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An Outsider’s take on FTIR

Over the years, NHML has dealt with a number of industries and companies in the assistance of identifying contaminants, unknown materials and helping them better understand their products. We are able to confirm the identity of products and/or detect specific impurities within the products. In this months Nuts & Bolts supplement, FTIR Spectroscopy is discussed. A case study within the aerospace industry is also discussed.

An Outsider’s Take on FTIR

By: Shannon Cicolini

When I first started working for New Hampshire Materials Lab, I had never heard of any materials testing method that we are capable of performing . Out of all our chemical testing abilities, I found FTIR spectroscopy to be the most interesting. Now what is FTIR spectroscopy you ask? Don’t worry, I asked myself that same question. Here’s what I’ve learned:

FTIR stands for Fourier Transform Infrared Spectroscopy and is the most widely used method of infrared spectroscopy. It is a specific technique of testing that is important in organic chemistry and can be used to confirm the identity of a pure compound or to detect the presence of specific impurities. This test can help our clients to be able to understand their materials and products. It is also useful for routine material verification’s, identification of polymers and identification of contaminants. During the FTIR testing process, an infrared light is passed through a given sample. This sample has characteristic absorption frequencies throughout the infrared region. By passing the infrared light through the sample, an infrared spectrum is produced showing a series of peaks and valleys on an x and y-axis graph. This spectrum is what we call a chemical fingerprint. This fingerprint is then analyzed by our Senior Chemist, Jeff Masse, who then reports on his findings. (See figure 1 for a layout on the basic concept on how the FTIR testing method works).

 FTIR is a fairly quick and simple test procedure that can provide an abundance of useful information for our customers. Throughout the years, NHML has helped many customers in a variety of industries with this method of analysis. I have picked the following example to share that I believe can not only help give you insight on our capabilities, but to also show you that FTIR can provide essential and useful information to our customers in solving their problems.

FTIR Case Study (Aerospace Industry)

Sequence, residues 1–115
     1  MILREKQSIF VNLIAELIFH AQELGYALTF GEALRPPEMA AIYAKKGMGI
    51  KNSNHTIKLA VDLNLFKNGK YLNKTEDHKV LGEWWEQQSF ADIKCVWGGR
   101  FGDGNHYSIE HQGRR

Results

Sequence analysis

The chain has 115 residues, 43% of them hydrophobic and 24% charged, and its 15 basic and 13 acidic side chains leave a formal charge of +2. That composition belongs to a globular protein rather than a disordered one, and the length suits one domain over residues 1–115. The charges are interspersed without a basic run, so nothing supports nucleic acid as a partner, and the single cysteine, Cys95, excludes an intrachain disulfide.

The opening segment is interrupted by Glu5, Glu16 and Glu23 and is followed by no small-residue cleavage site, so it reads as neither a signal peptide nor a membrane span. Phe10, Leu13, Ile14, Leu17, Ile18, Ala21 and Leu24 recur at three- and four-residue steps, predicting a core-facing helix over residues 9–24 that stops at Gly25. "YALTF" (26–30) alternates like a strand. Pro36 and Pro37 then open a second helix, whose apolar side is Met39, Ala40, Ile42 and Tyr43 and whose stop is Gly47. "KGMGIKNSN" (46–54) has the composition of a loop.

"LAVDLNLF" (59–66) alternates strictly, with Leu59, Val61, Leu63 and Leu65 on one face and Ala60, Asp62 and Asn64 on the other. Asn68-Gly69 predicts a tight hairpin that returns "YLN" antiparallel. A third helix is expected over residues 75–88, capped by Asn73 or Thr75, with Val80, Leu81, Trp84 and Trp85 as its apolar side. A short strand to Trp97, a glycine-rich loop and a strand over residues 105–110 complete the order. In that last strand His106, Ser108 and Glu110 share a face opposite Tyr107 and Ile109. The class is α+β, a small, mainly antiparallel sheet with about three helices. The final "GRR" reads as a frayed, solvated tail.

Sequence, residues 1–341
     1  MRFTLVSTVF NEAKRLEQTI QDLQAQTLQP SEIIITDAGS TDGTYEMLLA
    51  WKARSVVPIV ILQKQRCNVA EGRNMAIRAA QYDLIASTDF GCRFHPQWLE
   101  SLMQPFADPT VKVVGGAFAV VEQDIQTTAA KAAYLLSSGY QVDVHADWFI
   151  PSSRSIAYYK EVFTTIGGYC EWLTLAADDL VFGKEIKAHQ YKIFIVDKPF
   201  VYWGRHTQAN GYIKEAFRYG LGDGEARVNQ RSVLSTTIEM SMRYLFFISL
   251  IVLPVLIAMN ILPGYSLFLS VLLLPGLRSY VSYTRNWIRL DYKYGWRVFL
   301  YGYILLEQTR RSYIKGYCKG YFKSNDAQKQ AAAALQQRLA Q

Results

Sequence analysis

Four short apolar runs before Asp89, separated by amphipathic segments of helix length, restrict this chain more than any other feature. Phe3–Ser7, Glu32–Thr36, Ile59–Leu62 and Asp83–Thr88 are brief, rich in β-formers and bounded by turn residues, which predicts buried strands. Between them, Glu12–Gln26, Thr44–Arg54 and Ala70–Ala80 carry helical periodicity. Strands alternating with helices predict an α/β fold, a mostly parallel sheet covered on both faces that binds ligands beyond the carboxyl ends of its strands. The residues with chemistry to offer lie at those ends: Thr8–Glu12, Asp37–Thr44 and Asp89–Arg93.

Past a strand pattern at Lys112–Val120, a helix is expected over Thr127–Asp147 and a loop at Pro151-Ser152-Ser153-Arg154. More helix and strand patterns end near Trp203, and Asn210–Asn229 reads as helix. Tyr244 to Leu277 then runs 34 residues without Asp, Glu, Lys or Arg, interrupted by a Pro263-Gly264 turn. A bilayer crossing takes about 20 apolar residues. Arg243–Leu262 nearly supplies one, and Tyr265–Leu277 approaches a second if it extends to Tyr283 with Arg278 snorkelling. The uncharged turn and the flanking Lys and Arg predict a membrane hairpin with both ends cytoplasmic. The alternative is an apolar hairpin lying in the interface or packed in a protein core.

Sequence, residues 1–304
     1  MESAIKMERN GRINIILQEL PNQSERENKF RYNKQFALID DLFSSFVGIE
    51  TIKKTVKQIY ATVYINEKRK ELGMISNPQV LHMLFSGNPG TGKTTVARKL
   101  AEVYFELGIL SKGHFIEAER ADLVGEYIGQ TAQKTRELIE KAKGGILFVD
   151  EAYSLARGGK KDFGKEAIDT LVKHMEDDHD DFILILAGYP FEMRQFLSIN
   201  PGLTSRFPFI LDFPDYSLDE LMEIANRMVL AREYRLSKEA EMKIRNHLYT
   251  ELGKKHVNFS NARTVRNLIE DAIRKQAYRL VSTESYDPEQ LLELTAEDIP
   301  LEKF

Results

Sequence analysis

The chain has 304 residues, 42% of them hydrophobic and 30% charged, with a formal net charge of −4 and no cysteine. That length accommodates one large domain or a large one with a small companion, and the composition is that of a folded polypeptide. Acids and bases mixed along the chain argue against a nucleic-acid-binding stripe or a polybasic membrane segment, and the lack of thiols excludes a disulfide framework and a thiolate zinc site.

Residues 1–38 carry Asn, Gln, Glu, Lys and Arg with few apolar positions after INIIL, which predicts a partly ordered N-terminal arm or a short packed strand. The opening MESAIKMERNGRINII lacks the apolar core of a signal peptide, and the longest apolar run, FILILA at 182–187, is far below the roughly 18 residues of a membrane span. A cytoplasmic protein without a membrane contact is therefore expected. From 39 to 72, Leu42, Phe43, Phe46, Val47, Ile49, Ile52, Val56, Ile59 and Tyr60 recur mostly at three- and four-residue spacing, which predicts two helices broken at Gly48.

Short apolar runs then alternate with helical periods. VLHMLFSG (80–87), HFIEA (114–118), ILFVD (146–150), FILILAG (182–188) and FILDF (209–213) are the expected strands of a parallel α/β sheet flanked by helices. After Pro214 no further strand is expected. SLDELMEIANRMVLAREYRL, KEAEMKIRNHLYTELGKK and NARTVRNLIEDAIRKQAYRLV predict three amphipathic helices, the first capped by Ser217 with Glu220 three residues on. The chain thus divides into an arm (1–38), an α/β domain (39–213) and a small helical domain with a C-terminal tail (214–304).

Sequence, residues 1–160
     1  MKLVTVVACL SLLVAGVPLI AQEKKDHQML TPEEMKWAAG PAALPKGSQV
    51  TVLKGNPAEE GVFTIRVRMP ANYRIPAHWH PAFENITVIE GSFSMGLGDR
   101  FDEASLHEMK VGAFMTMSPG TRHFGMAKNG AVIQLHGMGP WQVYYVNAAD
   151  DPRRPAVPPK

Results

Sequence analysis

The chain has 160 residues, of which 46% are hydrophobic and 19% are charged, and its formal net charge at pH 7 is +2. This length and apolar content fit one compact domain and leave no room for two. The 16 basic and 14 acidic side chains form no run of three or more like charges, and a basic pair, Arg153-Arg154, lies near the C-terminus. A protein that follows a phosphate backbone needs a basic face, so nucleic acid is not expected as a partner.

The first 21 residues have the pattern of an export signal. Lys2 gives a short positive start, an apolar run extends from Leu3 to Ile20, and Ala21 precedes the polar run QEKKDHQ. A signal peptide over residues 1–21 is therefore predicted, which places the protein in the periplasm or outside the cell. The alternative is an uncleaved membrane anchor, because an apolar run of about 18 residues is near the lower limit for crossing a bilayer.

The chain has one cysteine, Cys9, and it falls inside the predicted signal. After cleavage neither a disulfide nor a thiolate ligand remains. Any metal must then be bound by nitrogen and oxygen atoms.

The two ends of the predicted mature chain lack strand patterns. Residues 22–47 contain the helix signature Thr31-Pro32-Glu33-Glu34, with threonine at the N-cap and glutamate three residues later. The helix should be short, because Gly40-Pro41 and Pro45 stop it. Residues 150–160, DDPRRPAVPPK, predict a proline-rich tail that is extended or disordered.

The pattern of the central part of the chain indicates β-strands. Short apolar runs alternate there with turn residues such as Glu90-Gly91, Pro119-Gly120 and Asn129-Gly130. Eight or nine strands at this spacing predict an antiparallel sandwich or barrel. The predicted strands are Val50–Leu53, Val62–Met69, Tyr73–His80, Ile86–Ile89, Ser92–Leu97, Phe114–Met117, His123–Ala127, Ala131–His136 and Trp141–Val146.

Pins from an assembly were provided to NHML that contained an unknown contaminant. The customer has asked for us to identify the general chemistry “family” to which the contaminant belongs. The pins were first analyzed under an optical microscope at 40x magnification. One of the samples had a contaminant flake within a depression at the midpoint of the pin, whereas the other pin appeared to have a greenish brittle flaky substance on the surface just below the depression. These contaminant flakes were picked off of the pins with the small tip of an x acto knife and analyzed separately via FTIR producing the following 2 spectra:

Aero Spectra 1

FTIR Spectra – Contaminant from depression of the pin


Aero Spectra 2

FTIR Spectra – Contaminant from below the depression of the pin

The spectra show the contaminants from the two pins to be the same type of material. The series of absorption peaks in the spectra are characteristics of Ester and Alcohol functional groups.

In order to determine the elemental composition of this contaminant material, a small portion was sampled and analyzed by Energy Dispersive X-Ray Spectroscopy (EDX). This produced the following spectrum:


EDS Spectra – Contaminant from below the depression in the pin


The spectrum shows large peaks for Carbon and Oxygen as well as a small peak for Copper. This small quantity of copper explains the light greenish color of the flaky contaminant, which was also observable under the microscope. The EDX spectrum show the contaminant to be non-metallic in nature. It was also found to be nearly 100% organic with only a trace of copper detectable. Based upon the information the customer gave us, the only remaining contaminant suspect was an Adhesive Sealant. The MSDS for the sealant showed a major ingredient to be Polyglycol dimethacrylate, which is a reasonable match to the FTIR spectrum produced by the samples. A more exact comparison could be made between the Adhesive Sealant and the contaminant by analysis of a reference sample of the Adhesive Sealant by FTIR.

I have found that as time goes on and the more testing scenarios I see and learn about, I have realized that what we do as a company is truly fascinating and enlightening. I have never known that such a service is readily available and what really took me by surprise is how much we actually help people with their problems and questions. NHML’s motto is to be “Your Problem Solving Partner” and from what I’ve seen that is exactly what we do. I am proud of the attentiveness and dedication our analytical staff provides for our customers as that’s what business should be about these days. Whether it is a simple consulting question or an actual job, our staff makes themselves accessible as much as possible and works diligently to complete the project at hand.

If you have any questions regarding this topic, please don’t hesitate to contact us at [email protected] or you can call on our toll free number 800-334-5432.